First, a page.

Lack of Augusta experience also is why I’m low on phenoms Collin Morikowa (35-1) and Matthew Wolff (45-1). The second-year pros will make their first starts. Morikowa, 23, won the PGA championship in August, but missed the cut at Winged Foot. Wolff, 21, was top five at the PGA and U.S. Open, but first-timers rarely win at Augusta.

I’ve eliminated a lot of guys with a good chance to win. There are plenty left who have the right mix of talent and experience at Augusta. Those golfers include three returning champions with a chance to win again: Bubba Watson (2012 and 2014), Adam Scott (2013) and Patrick Reed (2018).

Scott (50-1) hasn’t played since the U.S. Open. His plan to peak for the Masters was complicated when he contracted the novel coronavirus two weeks ago. Reed (30-1) has had a good year, but after finishing tied for 36th in his title defense last year, he has the look of a one-off Masters winner.

It would be cool if Watson (33-1) wins another green jacket. The University of Georgia alum bloomed late as pro, won the Masters twice and then suffered through a long slump in majors. Watson rediscovered his form at Augusta in 2018 (fifth place) and 2019 (12th). He’s 42 years old, but still hits it plenty long (30th in driving distance on the Tour this season).

The possibility of rain during the tournament is why I’m wary of picking Bubba to win. Watson does not like wet golf. He also won’t have his usual pro-Bulldogs contingent there to lift him up. Bubba might win again, but I can’t back him.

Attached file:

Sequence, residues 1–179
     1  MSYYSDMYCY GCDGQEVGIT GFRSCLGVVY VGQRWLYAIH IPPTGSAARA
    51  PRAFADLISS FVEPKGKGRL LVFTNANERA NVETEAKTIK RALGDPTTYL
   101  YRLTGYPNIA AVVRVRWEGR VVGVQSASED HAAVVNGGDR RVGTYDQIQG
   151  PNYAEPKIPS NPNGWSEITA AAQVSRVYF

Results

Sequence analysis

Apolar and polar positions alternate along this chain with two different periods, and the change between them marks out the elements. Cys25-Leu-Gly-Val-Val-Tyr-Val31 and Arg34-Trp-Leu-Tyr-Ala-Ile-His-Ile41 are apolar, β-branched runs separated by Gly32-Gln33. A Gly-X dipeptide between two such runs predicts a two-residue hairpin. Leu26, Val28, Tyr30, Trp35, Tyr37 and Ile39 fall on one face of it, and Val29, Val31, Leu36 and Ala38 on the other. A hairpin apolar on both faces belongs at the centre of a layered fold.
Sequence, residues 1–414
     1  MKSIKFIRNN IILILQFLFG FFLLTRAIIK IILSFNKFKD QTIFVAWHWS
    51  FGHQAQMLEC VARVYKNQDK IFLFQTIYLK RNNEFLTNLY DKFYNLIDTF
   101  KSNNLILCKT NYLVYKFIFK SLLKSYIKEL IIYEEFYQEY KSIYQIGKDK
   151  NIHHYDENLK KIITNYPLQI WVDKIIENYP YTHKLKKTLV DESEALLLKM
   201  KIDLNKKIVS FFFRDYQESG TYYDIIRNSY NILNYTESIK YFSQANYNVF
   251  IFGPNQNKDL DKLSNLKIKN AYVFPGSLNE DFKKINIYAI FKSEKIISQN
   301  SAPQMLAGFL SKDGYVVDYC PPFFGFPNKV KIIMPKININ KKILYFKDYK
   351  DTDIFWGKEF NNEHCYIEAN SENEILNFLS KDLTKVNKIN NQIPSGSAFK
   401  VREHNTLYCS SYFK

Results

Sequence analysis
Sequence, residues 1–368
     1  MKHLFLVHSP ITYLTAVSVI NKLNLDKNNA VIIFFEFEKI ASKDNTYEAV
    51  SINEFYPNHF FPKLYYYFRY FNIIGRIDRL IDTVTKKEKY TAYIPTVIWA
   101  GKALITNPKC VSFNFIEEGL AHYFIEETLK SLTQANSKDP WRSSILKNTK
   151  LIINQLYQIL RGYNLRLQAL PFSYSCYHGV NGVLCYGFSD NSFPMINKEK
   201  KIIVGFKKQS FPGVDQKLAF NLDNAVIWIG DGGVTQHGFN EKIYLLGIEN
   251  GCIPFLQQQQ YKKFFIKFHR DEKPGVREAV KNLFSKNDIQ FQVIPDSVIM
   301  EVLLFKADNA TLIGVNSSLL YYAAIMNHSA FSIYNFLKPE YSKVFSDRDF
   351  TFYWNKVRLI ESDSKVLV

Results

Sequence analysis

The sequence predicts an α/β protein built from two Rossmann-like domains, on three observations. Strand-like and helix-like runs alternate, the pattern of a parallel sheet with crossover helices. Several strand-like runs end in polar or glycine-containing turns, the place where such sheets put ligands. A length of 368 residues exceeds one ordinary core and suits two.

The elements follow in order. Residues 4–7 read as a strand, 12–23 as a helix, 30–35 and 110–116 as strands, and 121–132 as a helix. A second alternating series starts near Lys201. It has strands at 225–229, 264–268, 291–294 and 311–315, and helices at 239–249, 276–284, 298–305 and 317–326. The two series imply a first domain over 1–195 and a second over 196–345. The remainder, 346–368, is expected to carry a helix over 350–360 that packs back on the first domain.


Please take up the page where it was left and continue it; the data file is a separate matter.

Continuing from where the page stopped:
ExplorePhotos: Wednesday at the Masters

I’m choosing from among others who fit my criteria: substantial experience with the course, enough game to win the Masters and not too old to pull it off. Fowler and McIlroy are on that list, but I’ve explained why they aren’t my pick. Dustin Johnson (9-1) also makes the cut, and there are more reasons to like his chances.

Johnson’s three victories this year include the Tour Championship at East Lake. The PGA Championship was one of his three runner-up finishes. Johnson finished among the top 10 in his past four Masters starts. He was a top contender to win in 2017 when he had to withdraw because of a slip-and-fall accident.

This year, COVID-19 was Johnson’s health issue. A positive test after his sixth-place finish at the U.S. Open forced Johnson to sit out. He returned to play the Houston Open last week and finished tied for second, three strokes better than Koepka.

The results aren’t the only reason to like Johnson’s odds to win. He’s a long hitter who’s also good with the irons. Johnson has been putting great. Johnson, the 2016 U.S. Open champion, is primed to win his second major.

Johnson isn’t the favorite to win the Masters, but only DeChambeau is getting shorter odds. He’s a safe pick by my standards. That’s not exciting, but I’m fine with it. Just because everything about this Masters is weird doesn’t mean I’m going to make a peculiar pick.

Dustin Johnson wins the 2020 Masters.